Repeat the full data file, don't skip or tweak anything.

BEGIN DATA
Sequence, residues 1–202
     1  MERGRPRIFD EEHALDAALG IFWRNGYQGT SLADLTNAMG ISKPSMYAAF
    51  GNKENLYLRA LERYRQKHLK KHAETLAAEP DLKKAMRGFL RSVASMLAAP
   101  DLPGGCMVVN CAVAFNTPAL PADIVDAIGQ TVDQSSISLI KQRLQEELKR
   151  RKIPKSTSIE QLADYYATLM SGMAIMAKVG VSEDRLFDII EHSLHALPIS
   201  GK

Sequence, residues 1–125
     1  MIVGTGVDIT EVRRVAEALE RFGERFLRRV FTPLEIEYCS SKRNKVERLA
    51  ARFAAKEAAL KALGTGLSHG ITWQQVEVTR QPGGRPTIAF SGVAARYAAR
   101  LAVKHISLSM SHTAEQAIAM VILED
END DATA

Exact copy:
Sequence, residues 1–202
     1  MERGRPRIFD EEHALDAALG IFWRNGYQGT SLADLTNAMG ISKPSMYAAF
    51  GNKENLYLRA LERYRQKHLK KHAETLAAEP DLKKAMRGFL RSVASMLAAP
   101  DLPGGCMVVN CAVAFNTPAL PADIVDAIGQ TVDQSSISLI KQRLQEELKR
   151  RKIPKSTSIE QLADYYATLM SGMAIMAKVG VSEDRLFDII EHSLHALPIS
   201  GK

Sequence, residues 1–125
     1  MIVGTGVDIT EVRRVAEALE RFGERFLRRV FTPLEIEYCS SKRNKVERLA
    51  ARFAAKEAAL KALGTGLSHG ITWQQVEVTR QPGGRPTIAF SGVAARYAAR
   101  LAVKHISLSM SHTAEQAIAM VILED